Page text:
Last year, I wrote about Apple TV having not yet opened up to creators – but wow – what a difference a year makes. In recent months, Apple TV revealed they were opening up tvOS to third-party app developers, meaning creators can finally engage the Apple TV audience. In addition to the Apple TV news, we’ve seen OTT (over-the-top) streaming services continue to grow, especially in the past year with Netflix reaching over 69 million subscribers and Dish, Comcast, CBS, HBO, Sony, Verizon, and Cox all launching their own streaming services.
Apple CEO Tim Cook recently stated in his keynote, “We believe the future of television is apps. When you experience TV in this way through an app, you realize how much better it can be. You can search for what you want, you can interact with it where and when you want.” That is a powerful statement. Cook paints a very clear picture of apps becoming the channel guides of TV viewing.
According to data from Flurry Analytics, Q2 of 2015 marked the first time that average daily time spent inside mobile apps by U.S. consumers exceeded time spent watching TV. The daily U.S. average for mobile apps was 198 minutes, versus 168 minutes for TV. If Apple TV users now have access to apps that they frequently use on their smartphones and tablets, one would expect the average time spent in apps only to climb. TV networks better be on watch, as they’re now facing increasing competition from the creator and digital network apps that are already flooding into tvOS.
Consumers driving demand for multi-screen video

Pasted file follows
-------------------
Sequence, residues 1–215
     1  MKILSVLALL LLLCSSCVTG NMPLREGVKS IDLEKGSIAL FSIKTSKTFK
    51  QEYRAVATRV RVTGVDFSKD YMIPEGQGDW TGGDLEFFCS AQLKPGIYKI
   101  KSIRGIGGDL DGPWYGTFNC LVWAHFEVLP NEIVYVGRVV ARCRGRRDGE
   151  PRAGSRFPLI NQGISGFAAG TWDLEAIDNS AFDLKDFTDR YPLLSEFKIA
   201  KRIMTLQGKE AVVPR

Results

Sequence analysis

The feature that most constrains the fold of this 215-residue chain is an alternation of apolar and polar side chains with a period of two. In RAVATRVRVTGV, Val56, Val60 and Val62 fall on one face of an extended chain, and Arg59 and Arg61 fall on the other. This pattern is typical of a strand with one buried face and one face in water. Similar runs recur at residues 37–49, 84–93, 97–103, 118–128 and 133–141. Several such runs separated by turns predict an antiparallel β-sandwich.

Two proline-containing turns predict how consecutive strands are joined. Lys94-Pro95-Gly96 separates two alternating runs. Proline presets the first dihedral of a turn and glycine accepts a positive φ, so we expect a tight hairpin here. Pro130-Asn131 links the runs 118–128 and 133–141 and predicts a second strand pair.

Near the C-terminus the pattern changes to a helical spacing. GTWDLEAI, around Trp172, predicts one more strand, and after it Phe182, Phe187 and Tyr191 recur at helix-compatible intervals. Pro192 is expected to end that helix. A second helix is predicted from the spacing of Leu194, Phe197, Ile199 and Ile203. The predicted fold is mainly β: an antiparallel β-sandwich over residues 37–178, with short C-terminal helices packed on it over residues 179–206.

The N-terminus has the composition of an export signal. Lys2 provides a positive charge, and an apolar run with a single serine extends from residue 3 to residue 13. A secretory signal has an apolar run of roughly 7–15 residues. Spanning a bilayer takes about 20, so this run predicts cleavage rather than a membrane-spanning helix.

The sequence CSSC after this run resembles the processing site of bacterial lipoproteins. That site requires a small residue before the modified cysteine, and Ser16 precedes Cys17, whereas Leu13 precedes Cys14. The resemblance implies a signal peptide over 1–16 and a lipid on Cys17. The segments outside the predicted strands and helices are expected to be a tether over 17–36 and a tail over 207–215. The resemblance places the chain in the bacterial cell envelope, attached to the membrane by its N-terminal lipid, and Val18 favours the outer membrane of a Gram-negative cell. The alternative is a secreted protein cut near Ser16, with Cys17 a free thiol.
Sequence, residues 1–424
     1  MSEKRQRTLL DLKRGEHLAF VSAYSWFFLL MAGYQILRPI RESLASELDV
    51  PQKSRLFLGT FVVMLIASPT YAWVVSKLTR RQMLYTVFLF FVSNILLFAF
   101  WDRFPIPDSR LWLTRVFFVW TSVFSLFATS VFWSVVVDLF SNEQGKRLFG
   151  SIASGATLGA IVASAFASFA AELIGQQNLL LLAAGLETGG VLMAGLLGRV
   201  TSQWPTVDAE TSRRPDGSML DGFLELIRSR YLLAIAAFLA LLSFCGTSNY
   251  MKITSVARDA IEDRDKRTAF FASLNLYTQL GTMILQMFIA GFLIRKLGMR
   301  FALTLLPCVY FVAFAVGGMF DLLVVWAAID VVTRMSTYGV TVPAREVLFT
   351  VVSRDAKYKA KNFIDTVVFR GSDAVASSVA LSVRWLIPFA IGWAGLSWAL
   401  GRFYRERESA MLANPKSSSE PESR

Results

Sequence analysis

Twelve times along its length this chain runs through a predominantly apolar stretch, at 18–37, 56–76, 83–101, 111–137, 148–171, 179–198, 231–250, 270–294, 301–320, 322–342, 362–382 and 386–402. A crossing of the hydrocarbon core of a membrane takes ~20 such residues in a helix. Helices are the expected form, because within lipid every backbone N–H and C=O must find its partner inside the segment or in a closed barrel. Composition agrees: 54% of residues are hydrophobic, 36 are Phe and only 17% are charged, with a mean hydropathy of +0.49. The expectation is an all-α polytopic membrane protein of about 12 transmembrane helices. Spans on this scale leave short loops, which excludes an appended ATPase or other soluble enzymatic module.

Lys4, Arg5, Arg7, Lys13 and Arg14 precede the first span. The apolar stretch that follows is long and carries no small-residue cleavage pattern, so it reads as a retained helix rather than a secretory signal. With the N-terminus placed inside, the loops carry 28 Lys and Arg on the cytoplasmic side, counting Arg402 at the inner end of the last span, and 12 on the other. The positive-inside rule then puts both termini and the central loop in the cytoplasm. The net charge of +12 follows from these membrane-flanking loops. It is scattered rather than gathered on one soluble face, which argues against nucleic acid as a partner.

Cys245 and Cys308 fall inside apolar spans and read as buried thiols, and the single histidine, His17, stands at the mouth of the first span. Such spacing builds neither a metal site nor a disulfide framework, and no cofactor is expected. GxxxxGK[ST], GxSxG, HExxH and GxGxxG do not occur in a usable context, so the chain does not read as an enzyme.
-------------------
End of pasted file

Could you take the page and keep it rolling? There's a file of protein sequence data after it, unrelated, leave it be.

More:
Multi-screen, on-demand video reached its tipping point in 2015, led by the number of millennials who are demanding IWWIWWIWIWIWI (I Watch What I Want, When I Want It, Where I Want It).
According to a recent survey by TiVo subsidiary Digitalsmiths, “Consumer adoption of streaming video services continues to surge as 42.5 percent of subscribers said they reduced their cable or satellite TV service, and 8.2 percent of subscribers cut their cable or satellite service completely.”
The marketer opportunity
So what does this mean for marketers? It means opportunity – if you do things right. People are still watching TV shows – lots of TV shows – and consuming plenty of programming generated by the traditional TV industry; they’re just doing it on their own terms.
But there’s an increasingly ad-adverse audience marketers must consider – take coveted 18 to 29 year olds, for example. According to a study just released by eMarketer, “Young adults ages 18 to 29 are more likely to own a mobile phone or smartphone than a desktop or laptop, pointing to how mobile is becoming an all-purpose device that users are increasingly relying on.”
But in a phenomenon that MaryLeigh Bliss of youth-market research firm Ypulse calls “ad A.D.D.,” millennials are turning a blind-eye to traditional ads on their favorite platforms. Bliss said in regards to Ypulse’s research, “When we ask young consumers which type of advertising they usually ignore or avoid, 62 percent say online ads, like banner and video ads, and 68 percent say mobile in-app ads.
In other words, online marketing – you’re doing it wrong. It’s not enough to be where they are. You have to be where they are, and match your message to their behavior.”
After all of those years of people fumbling with remotes to navigate through cable guides, now various iterations of interactive TV has given way to being able to touch, tap, and swipe, in the process instantly controlling their content consumption destiny. That’s part of what’s behind the explosive growth of favored millennial game-streaming platform, Twitch. Acquired by Amazon last year for $970 million, Twitch prioritizes real-time interaction on its mobile apps.
And that’s what marketers must harness – not just on Apple TV, but across digital video – they must embrace that digital TV viewers are in a constant flow of content consumption and embrace the natural moments or breaks to engage on their terms.
We’re talking about a generation of TV everywhere viewers who expect interactions on-screen. If marketers can harness people’s willingness to interact with brand messages, we could be entering a golden age of digital advertising.
Article and homepage image via Flickr.
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